"Я вижу железную дорогу, но где станция?"

Translation:I see the railway but where is the station?

November 23, 2015

This discussion is locked.


"I see railroad" sounds incorrect to me. Rather "I see a railroad" would be more proper.


Is вокзал old fashioned now? It was nice for us Brits!


Вокзал is a major station with a building that provides passenger service—or even the actual building.

We do not have the word in the course because it has no exact equivalent in Enlgish. "Terminal" or "terminus", maybe. The Russian word, however, is more about the building. I wonder if people actually use it, because вокзал is certainly a common word if the station you are talking about happens to be a вокзал.

A usual station may look like this or this (real comfy during rain, right?)


OK, neither of those looks like Vauxhall either...


The first photo looks like a stop for commuter trains, is остановка ever used to describe them?


We can use остановка to describe the act of stopping ("Поезд следует со всеми остановками, кроме станций Солнечная, 78 километр, Щелковская") but we do not call stations themselves остановка.


You could say 'i see the railway line but where is the station'

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But it's marked incorrect - very frustrating!


Why is this wrong? I see the railway but where is the train station?


Is "I see the railway, but where is a station?" wrong?


You need to write 'the' not 'a'.


If I were outside, I'd say, "I see (/the) (/train) tracks, but ... ?" On the other hand, if I were looking at a map, I'd use the translation as provided.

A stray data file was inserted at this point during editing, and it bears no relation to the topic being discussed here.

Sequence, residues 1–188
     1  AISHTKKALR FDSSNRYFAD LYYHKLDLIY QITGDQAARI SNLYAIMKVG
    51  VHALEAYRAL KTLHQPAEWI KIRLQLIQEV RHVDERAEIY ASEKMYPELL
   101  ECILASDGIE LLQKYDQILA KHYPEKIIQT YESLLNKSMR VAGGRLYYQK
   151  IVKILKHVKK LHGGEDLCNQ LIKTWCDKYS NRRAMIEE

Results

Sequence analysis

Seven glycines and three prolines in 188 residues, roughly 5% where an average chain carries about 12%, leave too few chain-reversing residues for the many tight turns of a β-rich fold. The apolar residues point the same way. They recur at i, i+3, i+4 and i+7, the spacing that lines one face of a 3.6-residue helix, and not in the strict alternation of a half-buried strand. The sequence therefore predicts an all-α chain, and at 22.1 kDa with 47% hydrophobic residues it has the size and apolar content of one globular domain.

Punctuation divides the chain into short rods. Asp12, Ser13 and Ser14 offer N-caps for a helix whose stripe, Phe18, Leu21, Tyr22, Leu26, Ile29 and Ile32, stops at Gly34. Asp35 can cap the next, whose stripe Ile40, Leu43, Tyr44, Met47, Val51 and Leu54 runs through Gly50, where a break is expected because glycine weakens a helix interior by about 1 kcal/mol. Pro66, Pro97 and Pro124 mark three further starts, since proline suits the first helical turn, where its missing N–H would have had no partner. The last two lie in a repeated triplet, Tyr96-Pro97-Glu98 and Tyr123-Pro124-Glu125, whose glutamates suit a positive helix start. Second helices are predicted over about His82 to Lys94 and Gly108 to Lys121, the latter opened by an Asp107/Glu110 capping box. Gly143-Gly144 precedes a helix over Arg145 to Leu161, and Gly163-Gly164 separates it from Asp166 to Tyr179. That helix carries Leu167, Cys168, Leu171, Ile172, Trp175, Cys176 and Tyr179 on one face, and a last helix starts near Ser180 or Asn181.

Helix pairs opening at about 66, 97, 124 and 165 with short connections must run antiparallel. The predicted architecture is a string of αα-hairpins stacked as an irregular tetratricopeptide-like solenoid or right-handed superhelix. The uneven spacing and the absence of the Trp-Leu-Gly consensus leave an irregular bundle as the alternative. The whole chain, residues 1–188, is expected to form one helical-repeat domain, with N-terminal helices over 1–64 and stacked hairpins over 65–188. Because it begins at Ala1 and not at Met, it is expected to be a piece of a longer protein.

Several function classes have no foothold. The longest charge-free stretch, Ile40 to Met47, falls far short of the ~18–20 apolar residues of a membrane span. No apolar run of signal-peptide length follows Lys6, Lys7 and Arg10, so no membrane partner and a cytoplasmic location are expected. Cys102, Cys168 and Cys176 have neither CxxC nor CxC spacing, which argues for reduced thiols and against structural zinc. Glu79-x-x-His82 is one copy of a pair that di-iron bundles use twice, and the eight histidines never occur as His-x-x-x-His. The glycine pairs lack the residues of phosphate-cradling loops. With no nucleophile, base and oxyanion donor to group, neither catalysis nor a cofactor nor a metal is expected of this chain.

Is the former accepted? I.e., "I see (/the) tracks ... ?" or "I see (/the) train tracks ... ?"


Amazingly, it is, even though the translations haven't changed since 2015. What about "railway tracks", or "railway line" (and the same with "railroad")? It's nice to include some variety; however, at some point you have to decide the options are not exactly the same. After all, Russian has рельсы and железнодорожные пути, too.


"I see the rail tracks, but where's the station."

As it often comes up, the point here is to practice Russian, not English, and I think that there's rarely a literal correspondence between words across languages. The picture here is super clear to me — someone sees the "whatever it is the trains run along," but they still don't see the station itself. I see no harm whatsoever, and in fact lots of benefits in being flexible about how to refer to "railroad" in the English translation :-)


There is no station for miles, you're looking at the Trans-Siberian!


On the one hand, yes — there are a few spots with extremely long distances between stations, topping at 24 km / 15 miles: https://yandex.ru/maps/-/CCUurKHfTD

However, most distances between stations are 1–10 km (there are only 20 gaps >=14 km on the Trans-Siberian). And you do not have to go that far from Moscow to have miles between the stations–e.g., Balabanovo and Obninsk are about 10 km away.


18.02.22 .I see the railway track, but where is the station, was marked incorrect.

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